The Audit Committee, among other things, oversees the accounting and reporting policies and practices and internal controls of the Trust, oversees the quality and integrity of the financial statements of the Trust, approves, prior to appointment, the engagement of the Trust’s independent registered public accounting firm, reviews and evaluates the independent registered public accounting firm’s qualifications, independence and performance, and approves the compensation of the independent registered public accounting firm.
The Audit Committee also approves all audit and permissible non-audit services provided to each fund by the independent registered public accounting firm and all permissible non-audit services provided by each fund’s independent registered public accounting firm to TAM and any affiliated service providers if the engagement relates directly to each fund’s operations and financial reporting.
The Nominating Committee is a forum for identifying, considering, selecting and nominating, or recommending for nomination by the Board, candidates to fill vacancies on the Board. The Nominating Committee may consider diversity in identifying potential candidates, including differences of viewpoint, professional experience and skill, as well as such other individual qualities and attributes as it may deem relevant. The Nominating Committee has not adopted a formal procedure for the implementation, or for assessing the effectiveness, of its policy with regard to the consideration of diversity in identifying potential candidates.
When addressing vacancies, the Nominating Committee sets any necessary standards or qualifications for service on the Board and may consider nominees recommended by any source it deems appropriate, including management and shareholders. Shareholders who wish to recommend a nominee should send recommendations to the Trust’s Secretary that include all information relating to such person that is required to be disclosed in solicitations of proxies for the election of Board Members. A recommendation must be accompanied by a written consent of the individual to stand for election if nominated by the Board and to serve if elected by the shareholders. The Nominating Committee will consider all submissions meeting the applicable requirements stated herein that are received by December 31 of the most recently completed calendar year.
The Nominating Committee also identifies potential nominees through its network of contacts and may also engage, if it deems appropriate, a professional search firm. The committee meets to discuss and consider such candidates’ qualifications and then chooses a candidate by majority vote.
44

Risk Oversight
Through its oversight of the management and operations of the funds, the Board also has a risk oversight function, which includes (without limitation) the following: (i) requesting and reviewing reports on the operations of the funds (such as reports about the performance of the funds); (ii) reviewing compliance reports and approving compliance policies and procedures of the funds and their service providers; (iii) meeting with management to consider areas of risk and to seek assurances that adequate resources are available to address risks; (iv) meeting with service providers, including fund auditors, to review fund activities; and (v) meeting with the Chief Compliance Officer and other officers of the funds and their service providers to receive information about compliance, and risk assessment and management matters. Such oversight is exercised primarily through the Board and its Audit Committee but, on an ad hoc basis, also can be exercised by the Independent Board Members during executive sessions. The Board has emphasized to TAM and the sub-advisers the importance of maintaining vigorous risk management.
The Board recognizes that not all risks that may affect the funds can be identified, that it may not be practical or cost-effective to eliminate or mitigate certain risks, that it may be necessary to bear certain risks (such as investment-related risks) to achieve the funds' goals, and that the processes, procedures and controls employed to address certain risks may be limited in their effectiveness. Moreover, reports received by the Board Members as to risk management matters are typically summaries of the relevant information. Most of the funds' investment management and business affairs are carried out by or through TAM, its affiliates, the sub-advisers and other service providers each of which has an independent interest in risk management but whose policies and the methods by which one or more risk management functions are carried out may differ from the funds' and each other in the setting of priorities, the resources available or the effectiveness of relevant controls. As a result of the foregoing and other factors, the Board’s risk management oversight is subject to substantial limitations. In addition, some risks may be beyond the reasonable control of the Board, the funds, TAM, its affiliates, the sub-advisers or other service providers.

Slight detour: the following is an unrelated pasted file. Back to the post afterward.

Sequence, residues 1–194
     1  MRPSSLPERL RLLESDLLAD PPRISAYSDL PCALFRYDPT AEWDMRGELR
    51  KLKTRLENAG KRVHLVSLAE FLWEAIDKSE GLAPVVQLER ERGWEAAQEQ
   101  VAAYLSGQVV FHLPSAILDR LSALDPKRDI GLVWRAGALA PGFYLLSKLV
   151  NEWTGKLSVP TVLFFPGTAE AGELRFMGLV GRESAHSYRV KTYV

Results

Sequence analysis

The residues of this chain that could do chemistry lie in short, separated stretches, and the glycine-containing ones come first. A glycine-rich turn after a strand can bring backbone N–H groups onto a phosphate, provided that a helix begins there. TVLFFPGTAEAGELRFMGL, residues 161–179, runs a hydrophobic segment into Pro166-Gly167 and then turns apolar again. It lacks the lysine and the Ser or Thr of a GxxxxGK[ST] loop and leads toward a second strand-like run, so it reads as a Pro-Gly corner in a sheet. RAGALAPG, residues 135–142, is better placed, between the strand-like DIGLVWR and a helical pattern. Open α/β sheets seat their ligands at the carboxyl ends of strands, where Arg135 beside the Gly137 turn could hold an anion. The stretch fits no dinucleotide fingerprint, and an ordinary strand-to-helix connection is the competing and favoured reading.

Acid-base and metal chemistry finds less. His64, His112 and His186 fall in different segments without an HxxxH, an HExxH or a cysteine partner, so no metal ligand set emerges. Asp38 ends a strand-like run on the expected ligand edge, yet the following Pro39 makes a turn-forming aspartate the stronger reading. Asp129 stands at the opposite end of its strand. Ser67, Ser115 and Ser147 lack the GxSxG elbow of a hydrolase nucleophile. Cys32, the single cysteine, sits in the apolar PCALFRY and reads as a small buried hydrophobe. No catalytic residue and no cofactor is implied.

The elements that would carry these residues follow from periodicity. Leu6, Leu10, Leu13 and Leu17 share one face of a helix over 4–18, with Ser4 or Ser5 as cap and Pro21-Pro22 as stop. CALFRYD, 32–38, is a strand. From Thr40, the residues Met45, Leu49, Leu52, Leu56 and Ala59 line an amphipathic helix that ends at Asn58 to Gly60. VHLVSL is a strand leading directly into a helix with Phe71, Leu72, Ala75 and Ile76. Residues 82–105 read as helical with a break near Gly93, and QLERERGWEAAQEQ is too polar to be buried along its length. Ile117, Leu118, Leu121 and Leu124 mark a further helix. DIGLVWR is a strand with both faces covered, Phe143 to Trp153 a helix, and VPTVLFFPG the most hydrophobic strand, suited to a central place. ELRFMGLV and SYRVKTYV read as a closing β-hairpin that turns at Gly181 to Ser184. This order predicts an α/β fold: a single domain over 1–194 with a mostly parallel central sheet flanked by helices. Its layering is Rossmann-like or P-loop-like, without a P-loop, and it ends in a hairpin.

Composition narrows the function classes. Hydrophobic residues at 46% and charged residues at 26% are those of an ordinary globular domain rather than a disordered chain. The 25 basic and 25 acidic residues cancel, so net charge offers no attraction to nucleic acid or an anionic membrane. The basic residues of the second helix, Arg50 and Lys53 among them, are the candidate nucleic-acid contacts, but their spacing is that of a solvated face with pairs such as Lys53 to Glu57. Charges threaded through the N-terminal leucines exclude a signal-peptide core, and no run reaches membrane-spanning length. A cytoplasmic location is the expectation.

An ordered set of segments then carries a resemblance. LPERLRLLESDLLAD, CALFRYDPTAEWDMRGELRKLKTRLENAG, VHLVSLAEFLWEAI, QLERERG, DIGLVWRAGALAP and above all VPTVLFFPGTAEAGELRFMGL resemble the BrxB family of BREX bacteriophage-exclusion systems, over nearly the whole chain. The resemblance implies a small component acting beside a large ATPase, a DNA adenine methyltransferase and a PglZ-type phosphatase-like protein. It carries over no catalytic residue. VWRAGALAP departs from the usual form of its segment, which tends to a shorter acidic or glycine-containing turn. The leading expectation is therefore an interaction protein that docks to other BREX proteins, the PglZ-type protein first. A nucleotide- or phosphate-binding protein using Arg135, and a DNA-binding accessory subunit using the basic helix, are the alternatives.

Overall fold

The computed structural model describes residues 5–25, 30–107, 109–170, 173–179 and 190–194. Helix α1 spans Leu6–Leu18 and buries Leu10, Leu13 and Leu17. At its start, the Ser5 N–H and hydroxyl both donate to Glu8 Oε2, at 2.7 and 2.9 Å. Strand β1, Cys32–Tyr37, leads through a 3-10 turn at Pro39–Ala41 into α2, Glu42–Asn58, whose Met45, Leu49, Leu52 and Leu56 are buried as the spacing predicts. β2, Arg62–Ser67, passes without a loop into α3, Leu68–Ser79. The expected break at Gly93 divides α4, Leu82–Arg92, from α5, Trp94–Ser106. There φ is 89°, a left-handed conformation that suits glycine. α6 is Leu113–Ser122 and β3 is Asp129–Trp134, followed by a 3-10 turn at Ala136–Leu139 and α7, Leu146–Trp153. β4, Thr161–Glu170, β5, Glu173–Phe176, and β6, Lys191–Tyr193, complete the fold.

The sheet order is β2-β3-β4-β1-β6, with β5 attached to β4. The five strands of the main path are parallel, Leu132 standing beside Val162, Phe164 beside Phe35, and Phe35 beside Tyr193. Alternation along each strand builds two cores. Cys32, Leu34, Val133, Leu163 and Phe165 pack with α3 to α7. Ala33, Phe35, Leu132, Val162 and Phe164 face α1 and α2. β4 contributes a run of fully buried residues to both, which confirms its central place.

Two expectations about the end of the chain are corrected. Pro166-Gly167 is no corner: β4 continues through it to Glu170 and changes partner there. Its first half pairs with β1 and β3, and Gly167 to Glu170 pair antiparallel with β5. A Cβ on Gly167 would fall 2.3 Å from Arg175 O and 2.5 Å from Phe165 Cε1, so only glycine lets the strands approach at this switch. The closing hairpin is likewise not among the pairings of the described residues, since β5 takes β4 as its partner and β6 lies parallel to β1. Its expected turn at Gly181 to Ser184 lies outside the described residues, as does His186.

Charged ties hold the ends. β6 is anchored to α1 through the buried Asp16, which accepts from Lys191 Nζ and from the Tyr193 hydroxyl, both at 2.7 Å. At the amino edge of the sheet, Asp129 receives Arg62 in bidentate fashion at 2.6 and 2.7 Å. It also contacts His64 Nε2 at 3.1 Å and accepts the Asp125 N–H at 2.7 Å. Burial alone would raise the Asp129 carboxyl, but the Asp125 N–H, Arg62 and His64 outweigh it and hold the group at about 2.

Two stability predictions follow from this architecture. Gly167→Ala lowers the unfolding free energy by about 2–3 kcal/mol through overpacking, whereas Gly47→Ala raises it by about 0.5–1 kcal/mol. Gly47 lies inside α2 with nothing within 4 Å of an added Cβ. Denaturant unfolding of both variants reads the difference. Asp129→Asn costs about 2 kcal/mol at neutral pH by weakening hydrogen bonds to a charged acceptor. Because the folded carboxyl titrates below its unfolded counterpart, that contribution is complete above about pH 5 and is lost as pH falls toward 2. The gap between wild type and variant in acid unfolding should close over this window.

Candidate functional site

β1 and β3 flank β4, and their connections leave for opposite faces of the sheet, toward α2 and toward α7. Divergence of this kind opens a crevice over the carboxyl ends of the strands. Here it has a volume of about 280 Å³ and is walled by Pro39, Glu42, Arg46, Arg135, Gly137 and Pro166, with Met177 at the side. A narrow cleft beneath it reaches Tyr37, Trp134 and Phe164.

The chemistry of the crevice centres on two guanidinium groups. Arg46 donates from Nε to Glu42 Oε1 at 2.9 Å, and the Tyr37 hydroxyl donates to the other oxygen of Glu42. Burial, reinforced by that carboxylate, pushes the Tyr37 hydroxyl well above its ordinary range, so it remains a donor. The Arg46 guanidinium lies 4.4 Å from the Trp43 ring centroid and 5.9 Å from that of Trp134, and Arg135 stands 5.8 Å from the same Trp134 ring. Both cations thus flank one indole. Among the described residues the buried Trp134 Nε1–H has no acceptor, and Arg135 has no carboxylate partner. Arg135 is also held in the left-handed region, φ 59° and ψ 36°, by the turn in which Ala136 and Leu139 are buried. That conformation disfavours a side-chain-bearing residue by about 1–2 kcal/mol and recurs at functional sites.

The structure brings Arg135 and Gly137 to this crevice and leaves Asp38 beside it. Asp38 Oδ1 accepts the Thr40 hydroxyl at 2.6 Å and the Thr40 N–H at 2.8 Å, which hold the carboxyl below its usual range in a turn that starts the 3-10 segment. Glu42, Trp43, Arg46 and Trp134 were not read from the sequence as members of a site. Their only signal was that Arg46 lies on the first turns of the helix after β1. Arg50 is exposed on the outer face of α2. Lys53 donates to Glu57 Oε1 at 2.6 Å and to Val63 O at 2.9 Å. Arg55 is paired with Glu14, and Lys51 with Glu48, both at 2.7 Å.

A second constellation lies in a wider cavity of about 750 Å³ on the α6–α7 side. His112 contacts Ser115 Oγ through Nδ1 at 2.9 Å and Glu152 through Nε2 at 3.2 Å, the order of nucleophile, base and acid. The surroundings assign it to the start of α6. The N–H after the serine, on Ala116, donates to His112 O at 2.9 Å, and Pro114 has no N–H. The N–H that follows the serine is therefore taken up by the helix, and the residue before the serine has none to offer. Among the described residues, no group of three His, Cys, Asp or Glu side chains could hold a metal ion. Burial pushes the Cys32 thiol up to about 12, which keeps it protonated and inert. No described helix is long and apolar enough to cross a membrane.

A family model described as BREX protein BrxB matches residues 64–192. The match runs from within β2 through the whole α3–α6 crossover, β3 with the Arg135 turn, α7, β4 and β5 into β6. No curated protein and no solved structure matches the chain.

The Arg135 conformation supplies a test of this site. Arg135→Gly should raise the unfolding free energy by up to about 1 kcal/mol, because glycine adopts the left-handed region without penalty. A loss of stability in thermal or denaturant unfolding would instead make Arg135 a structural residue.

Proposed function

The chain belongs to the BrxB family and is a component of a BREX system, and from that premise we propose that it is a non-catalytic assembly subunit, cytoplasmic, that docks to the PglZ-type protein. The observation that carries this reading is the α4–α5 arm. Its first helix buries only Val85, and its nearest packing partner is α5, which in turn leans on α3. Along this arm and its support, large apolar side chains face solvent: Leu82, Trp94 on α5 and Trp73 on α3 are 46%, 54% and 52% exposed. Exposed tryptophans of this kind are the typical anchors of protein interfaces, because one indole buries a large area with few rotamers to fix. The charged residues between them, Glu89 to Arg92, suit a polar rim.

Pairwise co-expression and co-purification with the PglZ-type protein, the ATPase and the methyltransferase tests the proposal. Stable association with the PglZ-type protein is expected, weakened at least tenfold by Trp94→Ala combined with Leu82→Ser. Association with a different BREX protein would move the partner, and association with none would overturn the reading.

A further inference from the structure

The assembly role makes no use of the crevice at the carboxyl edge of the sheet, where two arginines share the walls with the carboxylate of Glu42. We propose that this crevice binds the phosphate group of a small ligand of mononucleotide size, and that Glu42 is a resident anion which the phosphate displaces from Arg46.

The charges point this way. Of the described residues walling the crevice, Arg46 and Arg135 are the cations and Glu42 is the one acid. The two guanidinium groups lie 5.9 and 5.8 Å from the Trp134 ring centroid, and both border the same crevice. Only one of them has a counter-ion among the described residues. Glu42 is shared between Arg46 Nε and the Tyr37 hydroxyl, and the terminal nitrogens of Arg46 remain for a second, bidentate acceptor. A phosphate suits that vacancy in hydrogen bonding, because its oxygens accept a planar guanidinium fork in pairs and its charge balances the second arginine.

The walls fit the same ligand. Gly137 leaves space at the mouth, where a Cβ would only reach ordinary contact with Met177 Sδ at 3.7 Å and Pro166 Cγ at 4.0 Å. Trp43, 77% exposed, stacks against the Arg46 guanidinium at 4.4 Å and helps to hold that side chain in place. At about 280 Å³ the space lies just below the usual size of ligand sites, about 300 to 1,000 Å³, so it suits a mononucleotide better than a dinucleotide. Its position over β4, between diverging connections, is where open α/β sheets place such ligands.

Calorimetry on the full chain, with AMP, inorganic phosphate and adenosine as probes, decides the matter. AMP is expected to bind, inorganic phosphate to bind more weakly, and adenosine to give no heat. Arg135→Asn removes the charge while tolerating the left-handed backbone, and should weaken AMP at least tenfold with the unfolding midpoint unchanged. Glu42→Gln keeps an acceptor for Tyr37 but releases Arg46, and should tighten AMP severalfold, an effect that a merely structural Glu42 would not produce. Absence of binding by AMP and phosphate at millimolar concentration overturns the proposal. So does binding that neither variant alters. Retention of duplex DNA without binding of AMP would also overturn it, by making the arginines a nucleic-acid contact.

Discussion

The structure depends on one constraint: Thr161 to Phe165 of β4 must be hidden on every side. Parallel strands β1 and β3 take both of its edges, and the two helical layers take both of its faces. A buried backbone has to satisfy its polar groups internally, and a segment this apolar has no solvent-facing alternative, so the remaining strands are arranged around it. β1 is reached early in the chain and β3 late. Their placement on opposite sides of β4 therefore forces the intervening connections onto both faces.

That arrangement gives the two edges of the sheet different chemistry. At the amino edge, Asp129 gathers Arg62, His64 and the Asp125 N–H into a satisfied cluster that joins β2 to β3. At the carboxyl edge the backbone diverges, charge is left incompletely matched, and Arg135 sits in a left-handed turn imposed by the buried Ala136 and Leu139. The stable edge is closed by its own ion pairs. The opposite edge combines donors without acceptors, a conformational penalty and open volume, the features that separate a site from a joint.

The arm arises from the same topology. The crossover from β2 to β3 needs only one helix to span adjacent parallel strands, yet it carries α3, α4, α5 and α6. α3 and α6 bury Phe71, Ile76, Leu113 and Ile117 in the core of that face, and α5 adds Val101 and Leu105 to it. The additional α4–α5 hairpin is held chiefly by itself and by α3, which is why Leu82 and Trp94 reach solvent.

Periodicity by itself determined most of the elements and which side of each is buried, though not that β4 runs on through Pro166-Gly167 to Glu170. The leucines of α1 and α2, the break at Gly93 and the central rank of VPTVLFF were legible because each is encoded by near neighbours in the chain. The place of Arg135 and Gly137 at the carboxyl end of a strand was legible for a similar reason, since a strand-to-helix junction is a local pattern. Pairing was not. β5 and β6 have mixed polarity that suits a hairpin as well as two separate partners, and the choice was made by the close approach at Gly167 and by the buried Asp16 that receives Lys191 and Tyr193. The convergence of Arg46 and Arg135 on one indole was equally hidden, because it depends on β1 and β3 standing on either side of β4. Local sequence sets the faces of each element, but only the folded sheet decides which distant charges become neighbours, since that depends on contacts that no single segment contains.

In addition, it is important to note that each fund is designed for investors that are prepared to accept investment risk, including the possibility that as yet unforeseen risks may emerge in the future.
Additional Information about the Committees of the Board
Both the Audit Committee and Nominating Committee are composed of all of the Independent Board Members. For the fiscal year ended October 31, 2022, the Audit Committee met 3 times and the Nominating Committee met 1 time.
45

Trustee Ownership of Equity Securities
The table below gives the dollar range of shares of the funds, as well as the aggregate dollar range of shares of all funds/portfolios in the Transamerica Fund Family, owned by each current Trustee as of December 31, 2022.
Fund
Interested Trustees
 
 
 
 
 
 
 
 
 
Marijn P. Smit
Alan F.
Warrick
Sandra N.
Bane
Leo J. Hill
Kathleen T.
Ives
Lauriann C.
Kloppenburg
Fredric A.
Nelson III
John E.
Pelletier
Patricia L.
Sawyer
John W.
Waechter
Transamerica Asset Allocation
Intermediate Horizon
None
None
None
None
None
None
None
None
None
None
Transamerica Asset Allocation
Long Horizon
None
None
None
None
None
None
None
None
None
None
Transamerica Asset Allocation
Short Horizon
None
None
None
None
None
None
None
None
None
None
Transamerica Balanced II
None
None
None
None
None
None
None
None
None
None
Transamerica Bond
None
None
None
None
None
None
None
Over $100,000
None
$10,001 -
$50,000
Transamerica Capital Growth
None
None
None
None
None
None
$10,001 -
$50,000
None
None
None
Transamerica Core Bond
None
None
None
None
None
None
None
None
None
None
Transamerica Emerging Markets
Opportunities
None
None
None
None
None
None
None
None
None
None
Transamerica Government Money
Market
None
None
None
None
None
None
None
Over $100,000
None
None
Transamerica High Yield Bond
None
None
None
None
None
None
None
None
$10,001 –
$50,000
None
Transamerica High Yield ESG
None
None
None
None
None
None
None
None
None
None
Transamerica Inflation-Protected
Securities
None
None
None
None
None
None
None
None
None
None
Transamerica International Equity
Over $100,000
None
None
None
Over $100,000
None
None
None
$10,001 –
$50,000
$50,001 –
$100,000
Transamerica International Focus
None
None
None
None
None
None
None
None
None
None
Transamerica Large Core ESG
None
None
None
None
None
None
None
None
None
None
Transamerica Large Growth<